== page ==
To witness this unity and altruism while the population faces the uncertainty of the future, leaves me feeling hopeful.
If there’s one thing I’ve missed during the London lockdown, it’s dining out.
Playing out the experience in my mind alone makes me itch for an outing. Getting glammed up, embracing your loved ones, contemplating cocktails only to order the same as your friends, dilated pupils studying the menu, and cheerily meaningful chats leading into the late hour. Now, that’s my kind of fantasy.
My ‘last supper' was at the beginning of March at Dishoom Shoreditch. Sipping our East India gimlets and savouring every mouthful of the tender and spicy chicken ruby, my friends and I were oblivious to the fact that this would be our last dinner outside of the house, for quite some time. I’m completely satisfied with my last supper choice, as I am with the decision of a karaoke bar afterwards.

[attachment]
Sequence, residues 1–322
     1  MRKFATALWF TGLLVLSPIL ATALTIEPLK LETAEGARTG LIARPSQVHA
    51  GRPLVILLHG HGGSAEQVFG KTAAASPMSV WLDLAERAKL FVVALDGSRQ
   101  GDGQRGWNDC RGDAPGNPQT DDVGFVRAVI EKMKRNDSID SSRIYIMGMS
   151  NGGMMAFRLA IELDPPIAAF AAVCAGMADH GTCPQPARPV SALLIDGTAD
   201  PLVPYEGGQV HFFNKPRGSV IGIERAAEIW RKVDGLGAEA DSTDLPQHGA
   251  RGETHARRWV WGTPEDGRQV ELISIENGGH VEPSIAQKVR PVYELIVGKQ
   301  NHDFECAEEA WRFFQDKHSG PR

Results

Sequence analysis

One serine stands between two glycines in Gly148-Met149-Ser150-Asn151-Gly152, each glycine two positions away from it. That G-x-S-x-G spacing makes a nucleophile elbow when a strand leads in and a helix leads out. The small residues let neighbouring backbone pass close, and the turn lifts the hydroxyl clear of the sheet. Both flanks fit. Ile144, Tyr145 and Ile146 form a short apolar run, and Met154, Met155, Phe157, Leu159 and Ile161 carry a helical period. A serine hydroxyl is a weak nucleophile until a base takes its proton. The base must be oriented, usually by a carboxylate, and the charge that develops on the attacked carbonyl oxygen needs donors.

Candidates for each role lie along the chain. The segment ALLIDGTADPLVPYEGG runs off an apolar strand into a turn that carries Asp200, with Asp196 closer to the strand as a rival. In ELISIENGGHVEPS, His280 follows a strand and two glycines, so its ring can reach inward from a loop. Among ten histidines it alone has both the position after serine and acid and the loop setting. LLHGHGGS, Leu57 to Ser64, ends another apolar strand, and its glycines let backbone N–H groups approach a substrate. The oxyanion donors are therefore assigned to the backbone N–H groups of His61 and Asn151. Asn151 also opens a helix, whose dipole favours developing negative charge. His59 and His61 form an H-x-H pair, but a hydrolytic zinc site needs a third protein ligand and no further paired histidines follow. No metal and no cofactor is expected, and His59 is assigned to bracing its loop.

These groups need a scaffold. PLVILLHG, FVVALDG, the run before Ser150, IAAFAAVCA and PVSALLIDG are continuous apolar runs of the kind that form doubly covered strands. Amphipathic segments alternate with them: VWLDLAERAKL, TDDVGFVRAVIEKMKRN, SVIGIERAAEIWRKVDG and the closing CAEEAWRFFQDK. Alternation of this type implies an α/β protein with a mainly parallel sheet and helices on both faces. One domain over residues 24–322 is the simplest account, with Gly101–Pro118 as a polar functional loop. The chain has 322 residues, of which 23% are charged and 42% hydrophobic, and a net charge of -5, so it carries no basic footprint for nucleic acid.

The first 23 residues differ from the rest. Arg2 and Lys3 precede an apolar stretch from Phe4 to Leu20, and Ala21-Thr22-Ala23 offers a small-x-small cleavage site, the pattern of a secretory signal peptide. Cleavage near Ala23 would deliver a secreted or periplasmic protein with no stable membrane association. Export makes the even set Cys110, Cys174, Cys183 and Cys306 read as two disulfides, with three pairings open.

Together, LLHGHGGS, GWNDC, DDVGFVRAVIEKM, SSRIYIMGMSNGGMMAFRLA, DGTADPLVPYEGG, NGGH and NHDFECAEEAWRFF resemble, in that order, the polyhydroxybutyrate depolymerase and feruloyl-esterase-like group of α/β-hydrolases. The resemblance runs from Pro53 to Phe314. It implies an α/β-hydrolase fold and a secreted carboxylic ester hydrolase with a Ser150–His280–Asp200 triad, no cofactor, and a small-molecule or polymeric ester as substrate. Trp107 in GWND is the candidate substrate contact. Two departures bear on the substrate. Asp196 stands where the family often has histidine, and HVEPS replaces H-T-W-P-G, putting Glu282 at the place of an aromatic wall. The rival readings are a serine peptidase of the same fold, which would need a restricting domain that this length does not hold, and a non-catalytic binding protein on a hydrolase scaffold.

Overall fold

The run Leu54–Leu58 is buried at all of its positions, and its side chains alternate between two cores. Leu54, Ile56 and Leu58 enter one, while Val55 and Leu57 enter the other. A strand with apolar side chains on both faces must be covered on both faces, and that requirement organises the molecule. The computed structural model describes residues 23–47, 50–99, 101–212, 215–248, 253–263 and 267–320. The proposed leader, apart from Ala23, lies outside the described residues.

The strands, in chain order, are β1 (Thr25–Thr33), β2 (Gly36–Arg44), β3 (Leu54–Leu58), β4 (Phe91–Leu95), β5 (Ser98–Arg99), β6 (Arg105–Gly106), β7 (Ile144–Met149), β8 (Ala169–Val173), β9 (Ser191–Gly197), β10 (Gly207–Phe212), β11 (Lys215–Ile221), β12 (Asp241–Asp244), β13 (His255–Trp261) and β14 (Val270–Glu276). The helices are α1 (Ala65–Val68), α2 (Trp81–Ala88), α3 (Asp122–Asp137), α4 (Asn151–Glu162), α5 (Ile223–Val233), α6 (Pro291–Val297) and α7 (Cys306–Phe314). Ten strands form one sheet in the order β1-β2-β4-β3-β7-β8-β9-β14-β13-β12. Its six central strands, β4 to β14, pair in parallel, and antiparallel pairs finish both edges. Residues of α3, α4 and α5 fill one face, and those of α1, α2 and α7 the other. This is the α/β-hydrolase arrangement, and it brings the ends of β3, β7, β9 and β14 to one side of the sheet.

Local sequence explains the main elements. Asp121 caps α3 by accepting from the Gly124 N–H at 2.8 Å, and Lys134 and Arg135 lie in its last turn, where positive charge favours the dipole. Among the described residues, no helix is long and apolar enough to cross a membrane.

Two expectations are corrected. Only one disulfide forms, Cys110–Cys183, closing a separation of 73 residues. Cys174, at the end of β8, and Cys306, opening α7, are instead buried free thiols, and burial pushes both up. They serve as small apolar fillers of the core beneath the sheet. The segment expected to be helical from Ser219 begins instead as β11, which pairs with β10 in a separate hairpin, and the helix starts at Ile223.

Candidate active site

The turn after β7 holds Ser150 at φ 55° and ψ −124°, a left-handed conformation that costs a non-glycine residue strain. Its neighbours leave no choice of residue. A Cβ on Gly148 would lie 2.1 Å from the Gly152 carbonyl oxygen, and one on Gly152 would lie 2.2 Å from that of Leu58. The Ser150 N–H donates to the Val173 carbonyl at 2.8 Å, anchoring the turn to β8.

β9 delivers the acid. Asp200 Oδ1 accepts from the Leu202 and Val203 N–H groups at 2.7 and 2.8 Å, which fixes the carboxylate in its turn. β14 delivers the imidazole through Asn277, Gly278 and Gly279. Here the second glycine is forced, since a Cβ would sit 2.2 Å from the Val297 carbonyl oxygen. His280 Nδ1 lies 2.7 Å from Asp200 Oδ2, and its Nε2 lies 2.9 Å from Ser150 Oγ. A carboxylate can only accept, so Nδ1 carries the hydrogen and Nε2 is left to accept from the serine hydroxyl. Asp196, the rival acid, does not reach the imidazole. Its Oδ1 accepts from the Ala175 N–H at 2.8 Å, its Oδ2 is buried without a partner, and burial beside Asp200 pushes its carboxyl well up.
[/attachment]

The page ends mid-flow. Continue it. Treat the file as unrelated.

I miss the days of being able to enjoy my favourite Southeast Asian cuisine at Pawpaw restaurant, back home in Brisbane, Australia. If I could jump onto their takeaway app right now, my order would include pad Thai, steamed bao, papaya salad, and probably a load more, because that’s what you do when you want something you can’t have. I want the whole lot. *snaps fingers*
Dishoom and Pawpaw. One is in London, the other in Brisbane. However, distance is the only thing separating the two restaurant Groups right now, as both businesses similarly tend to those in need during the coronavirus crisis.
I worked with Pawpaw and the Venzin Group before my move to London. I was the marketing and events lady who launched the Venzin magazine. Those of you who have a copy, I hope you’ve been making use of the recipes during this welcomed baking season! I’ve already made the peanut butter banana bread and snapper green curry. Dishoom has a cookery book too. If it’s Bombay comfort food you desire, you can try replicating the okra fries or lamb raan as I plan to.
Dishoom and Pawpaw have a few things in common: